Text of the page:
RA: Well that’s the thing, there is no, there, I mean aside from acting in the president pro tem’s stead, kind of ceremonially, like maybe signing a bill or something when it’s, before it’s sent down to the White House, there is no proscribed role. Now having said that, what we thought at the time going in was, after all, Senate leadership positions are what you make of them, at least in part. I mean there’s no rule book anywhere that describes the role of the Senate majority leader, for that matter. He’s not in the Senate Rules, he’s not in the Constitution, it’s a creature of the caucus and Senate precedence and, that they have established this role and that this role has gathered so much importance and power. But that’s sort of the point; it is what was made of it. And so going into it we thought that there were conceivable roles in providing, in helping to strengthen the leadership in the caucus and on the Senate floor and so forth, and ways to be helpful to the majority leader that Senator Mitchell would be able to forge.

What happened in fact, first of all it was simultaneous with Iran-Contra, so we were real busy with that and this was sort of on a sidetrack for a while. But secondly, what then soon happened was this leadership battle that we’ve already talked about broke out, and he was running for majority leader. So suddenly it really wasn’t in his interest to start forging a role, the danger of stepping on people’s toes or anything like that. There really wasn’t any reason to try to expand the role of this ‘deputy president pro tem’ and redefine it, because he was focused on running for majority leader. So it, I mean, to this day it really, it hasn’t been fully fleshed out what a deputy president pro tem will in fact wind up doing in the future.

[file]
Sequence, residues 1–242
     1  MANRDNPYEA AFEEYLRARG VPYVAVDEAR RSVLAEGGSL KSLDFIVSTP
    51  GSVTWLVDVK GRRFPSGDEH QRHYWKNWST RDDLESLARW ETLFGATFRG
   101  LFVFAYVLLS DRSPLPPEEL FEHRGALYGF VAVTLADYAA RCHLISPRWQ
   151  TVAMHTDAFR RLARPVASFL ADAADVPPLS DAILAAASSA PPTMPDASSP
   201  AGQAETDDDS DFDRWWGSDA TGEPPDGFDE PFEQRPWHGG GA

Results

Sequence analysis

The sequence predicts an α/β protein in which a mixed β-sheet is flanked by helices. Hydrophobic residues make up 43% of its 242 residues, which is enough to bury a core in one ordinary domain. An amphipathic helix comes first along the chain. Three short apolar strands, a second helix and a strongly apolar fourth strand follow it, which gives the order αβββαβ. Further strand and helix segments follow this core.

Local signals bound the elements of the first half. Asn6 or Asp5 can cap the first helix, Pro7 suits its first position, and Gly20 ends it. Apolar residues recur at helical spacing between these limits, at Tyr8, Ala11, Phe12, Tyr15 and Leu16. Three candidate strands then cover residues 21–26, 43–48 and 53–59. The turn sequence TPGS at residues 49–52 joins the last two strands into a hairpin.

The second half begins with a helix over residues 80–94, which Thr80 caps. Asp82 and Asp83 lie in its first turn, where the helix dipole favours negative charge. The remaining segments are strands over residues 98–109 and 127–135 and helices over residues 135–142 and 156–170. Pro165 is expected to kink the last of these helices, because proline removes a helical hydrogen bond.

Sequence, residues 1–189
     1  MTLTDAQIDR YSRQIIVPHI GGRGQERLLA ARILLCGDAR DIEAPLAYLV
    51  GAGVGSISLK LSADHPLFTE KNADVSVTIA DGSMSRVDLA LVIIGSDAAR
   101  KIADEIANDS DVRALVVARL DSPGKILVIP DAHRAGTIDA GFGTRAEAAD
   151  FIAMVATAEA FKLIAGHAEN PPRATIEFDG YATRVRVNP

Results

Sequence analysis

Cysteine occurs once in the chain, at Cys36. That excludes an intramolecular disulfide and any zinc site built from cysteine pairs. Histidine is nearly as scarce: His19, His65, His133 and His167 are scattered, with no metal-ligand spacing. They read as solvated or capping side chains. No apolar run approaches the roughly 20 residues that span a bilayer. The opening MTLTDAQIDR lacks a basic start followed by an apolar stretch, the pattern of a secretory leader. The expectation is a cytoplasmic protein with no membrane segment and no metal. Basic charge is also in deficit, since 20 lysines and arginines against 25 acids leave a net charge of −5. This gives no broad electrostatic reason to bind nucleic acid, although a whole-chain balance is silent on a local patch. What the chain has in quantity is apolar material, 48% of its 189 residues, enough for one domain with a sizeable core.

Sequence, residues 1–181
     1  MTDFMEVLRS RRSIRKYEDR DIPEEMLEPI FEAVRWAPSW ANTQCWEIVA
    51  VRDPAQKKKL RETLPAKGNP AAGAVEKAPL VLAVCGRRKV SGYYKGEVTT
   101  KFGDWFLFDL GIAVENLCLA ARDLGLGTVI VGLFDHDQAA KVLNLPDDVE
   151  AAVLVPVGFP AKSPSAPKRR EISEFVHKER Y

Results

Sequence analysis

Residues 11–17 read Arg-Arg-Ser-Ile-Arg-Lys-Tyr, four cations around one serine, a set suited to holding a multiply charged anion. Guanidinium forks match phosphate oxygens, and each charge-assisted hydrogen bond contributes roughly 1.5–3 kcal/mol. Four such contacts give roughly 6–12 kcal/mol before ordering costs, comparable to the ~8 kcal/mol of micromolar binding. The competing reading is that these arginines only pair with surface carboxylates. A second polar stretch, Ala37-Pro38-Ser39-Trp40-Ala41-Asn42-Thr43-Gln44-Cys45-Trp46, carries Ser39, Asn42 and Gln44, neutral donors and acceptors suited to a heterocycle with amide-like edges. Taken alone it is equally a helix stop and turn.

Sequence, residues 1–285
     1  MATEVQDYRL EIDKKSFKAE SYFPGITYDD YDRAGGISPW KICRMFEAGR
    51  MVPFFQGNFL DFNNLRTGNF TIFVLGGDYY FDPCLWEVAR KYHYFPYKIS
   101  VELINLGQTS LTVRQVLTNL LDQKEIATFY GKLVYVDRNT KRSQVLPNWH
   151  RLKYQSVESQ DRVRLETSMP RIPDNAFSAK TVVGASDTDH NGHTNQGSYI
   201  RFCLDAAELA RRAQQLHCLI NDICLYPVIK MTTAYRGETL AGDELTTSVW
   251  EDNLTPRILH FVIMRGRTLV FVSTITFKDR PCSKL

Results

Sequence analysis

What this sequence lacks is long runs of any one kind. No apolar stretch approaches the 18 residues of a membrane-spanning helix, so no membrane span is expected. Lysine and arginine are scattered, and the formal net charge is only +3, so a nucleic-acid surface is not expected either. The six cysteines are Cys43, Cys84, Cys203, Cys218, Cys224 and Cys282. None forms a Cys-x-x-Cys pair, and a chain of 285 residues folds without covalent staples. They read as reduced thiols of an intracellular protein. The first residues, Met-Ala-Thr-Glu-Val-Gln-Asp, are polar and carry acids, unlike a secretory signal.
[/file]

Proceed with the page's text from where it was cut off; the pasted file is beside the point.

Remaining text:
BW: Did you spend some pretty lonely days in the office over there, or not?

RA: Yeah. Well, yeah, it was, yeah, I mean I got to occupy a really nice office in the Capitol building, and certainly he was, look, he’s a very active member of the Senate and he certainly knows how to use staff, and so he kept me very busy. But in terms of anything that I could describe as officially a function of having been chief of staff to the deputy president pro tem, you know, there wasn’t much shape to that.